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Who’s Working for You – And In What Capacity?

California Employee Benefits
by Jennifer Carsen

Yesterday, we reviewed the first 5 factors of the “Borello test,” which California courts use to determine whether a worker is an employee or an independent contractor (click here for yesterday’s issue). Today, we’ll look at the remaining 6 factors and tell you about a wage/hour resource you won’t want to be without. 

As we mentioned yesterday, California uses something called the “Borello test” to determine whether workers are employees or independent contractors. The test strongly favors a conclusion that workers are employees. Here are the remaining 6 factors of the 11-factor test:

6. The kind of occupation, with reference to whether, in the locality, the work is usually done under the company’s direction or by a specialist without supervision

7. The worker’s opportunity for profit or loss depending on his or her own managerial skill (a potential for profit does not include bonuses)


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8. How long the services are to be performed

9. The degree of permanence of the working relationship

10. The payment method, whether by time or by the job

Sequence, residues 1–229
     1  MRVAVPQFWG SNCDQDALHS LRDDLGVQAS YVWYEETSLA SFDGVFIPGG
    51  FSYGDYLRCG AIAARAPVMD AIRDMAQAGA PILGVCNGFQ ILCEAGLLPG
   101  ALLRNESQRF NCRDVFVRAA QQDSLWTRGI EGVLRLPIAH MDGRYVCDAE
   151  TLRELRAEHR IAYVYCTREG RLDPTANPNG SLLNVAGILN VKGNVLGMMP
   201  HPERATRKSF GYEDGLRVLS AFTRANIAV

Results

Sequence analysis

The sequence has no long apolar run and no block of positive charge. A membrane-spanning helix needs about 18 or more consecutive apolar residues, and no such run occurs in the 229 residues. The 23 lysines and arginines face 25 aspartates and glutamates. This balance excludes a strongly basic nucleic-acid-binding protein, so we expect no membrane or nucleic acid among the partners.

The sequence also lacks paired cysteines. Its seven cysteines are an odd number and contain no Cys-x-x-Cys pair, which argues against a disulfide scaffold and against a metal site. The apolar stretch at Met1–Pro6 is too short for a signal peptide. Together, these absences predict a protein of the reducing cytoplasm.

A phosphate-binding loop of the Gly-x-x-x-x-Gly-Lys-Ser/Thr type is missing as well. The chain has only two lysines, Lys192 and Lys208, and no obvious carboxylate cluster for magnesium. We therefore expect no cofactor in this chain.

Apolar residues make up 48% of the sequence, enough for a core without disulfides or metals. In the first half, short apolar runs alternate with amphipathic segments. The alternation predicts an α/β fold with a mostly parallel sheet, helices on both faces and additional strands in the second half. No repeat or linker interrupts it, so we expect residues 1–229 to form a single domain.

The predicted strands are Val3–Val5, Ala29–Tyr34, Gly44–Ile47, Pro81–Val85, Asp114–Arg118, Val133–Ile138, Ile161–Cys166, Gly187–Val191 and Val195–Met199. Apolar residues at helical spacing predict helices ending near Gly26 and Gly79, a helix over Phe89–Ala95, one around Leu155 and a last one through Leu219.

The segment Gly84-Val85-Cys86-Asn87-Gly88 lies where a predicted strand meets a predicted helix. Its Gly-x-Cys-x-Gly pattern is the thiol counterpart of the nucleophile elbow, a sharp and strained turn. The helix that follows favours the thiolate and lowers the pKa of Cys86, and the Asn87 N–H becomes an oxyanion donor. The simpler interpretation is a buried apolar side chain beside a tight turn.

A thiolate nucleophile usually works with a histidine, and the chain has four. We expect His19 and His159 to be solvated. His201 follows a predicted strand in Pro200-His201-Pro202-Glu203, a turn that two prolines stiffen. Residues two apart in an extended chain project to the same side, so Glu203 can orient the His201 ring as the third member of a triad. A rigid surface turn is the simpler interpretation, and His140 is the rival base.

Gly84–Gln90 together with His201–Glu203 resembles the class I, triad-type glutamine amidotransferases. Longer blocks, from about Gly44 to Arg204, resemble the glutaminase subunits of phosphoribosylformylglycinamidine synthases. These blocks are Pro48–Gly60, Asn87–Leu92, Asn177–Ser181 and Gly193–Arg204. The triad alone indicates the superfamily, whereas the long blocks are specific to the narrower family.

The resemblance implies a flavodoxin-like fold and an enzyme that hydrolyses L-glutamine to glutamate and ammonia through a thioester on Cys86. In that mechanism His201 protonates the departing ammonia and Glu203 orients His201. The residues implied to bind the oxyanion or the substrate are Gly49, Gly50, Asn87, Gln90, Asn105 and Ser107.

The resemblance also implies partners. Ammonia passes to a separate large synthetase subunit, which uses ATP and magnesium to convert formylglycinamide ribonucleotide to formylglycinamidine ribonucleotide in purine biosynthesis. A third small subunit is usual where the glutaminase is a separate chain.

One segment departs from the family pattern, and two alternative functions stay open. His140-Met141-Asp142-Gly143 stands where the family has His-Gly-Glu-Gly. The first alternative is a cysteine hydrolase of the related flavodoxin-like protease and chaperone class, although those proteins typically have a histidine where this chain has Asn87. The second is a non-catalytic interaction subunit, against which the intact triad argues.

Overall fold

11. Whether the parties believe they are creating an employer-employee relationship

The Single Most Important Factor

Although no single factor in the Borello test is determinative, the first one – whether the individual’s work is the service or product that is the company’s primary business – is given the most weight.

Get Prepared: Order the 2011 Edition of How To Comply with California Wage & Hour Law NowWhenever you’re dealing with wage/hour issues, your best defense is a strong offense—in this case, our newly updated 2011 Edition of our HR Management & Compliance Report, How To Comply with California Wage & Hour Law.

This information-packed 168-page guide, written by an experienced California employment lawyer, features in-depth coverage of all the topics you need to know about in an easy-read, quick-reference style:

  • The California Labor Code vs. the federal Fair Labor Standards Act (FLSA)
  • Who the California wage/hour laws apply to
  • The Wage Orders that cover your organization
  • Hours of work—including travel time, make-up time, meal and rest periods, and the definition of “hours worked”
  • The rules for hourly, salary, and piece-rate pay
  • Bonuses, profit-sharing plans, and tips
  • Overtime and double-time wages
  • Alternative workweeks
  • Tools and equipment, uniforms, and work-related expenses and losses
  • Paid time off—vacation, PTO, holidays, and sick leave
  • Unpaid time off
  • When and how employees must be paid
  • Payment of final wages upon termination
  • Deductions from pay
  • Recordkeeping requirements
  • Pay-related discrimination
  • A new appendix of key cases you need to know about
  • And much more!

Order your copy now and try it out risk-free for 30 days. If you’re dissatisfied in any way, just return it within 30 days for a full refund.

Don’t become the next statistic—get your copy of the 2011 Edition of How To Comply with California Wage & Hour Law today.

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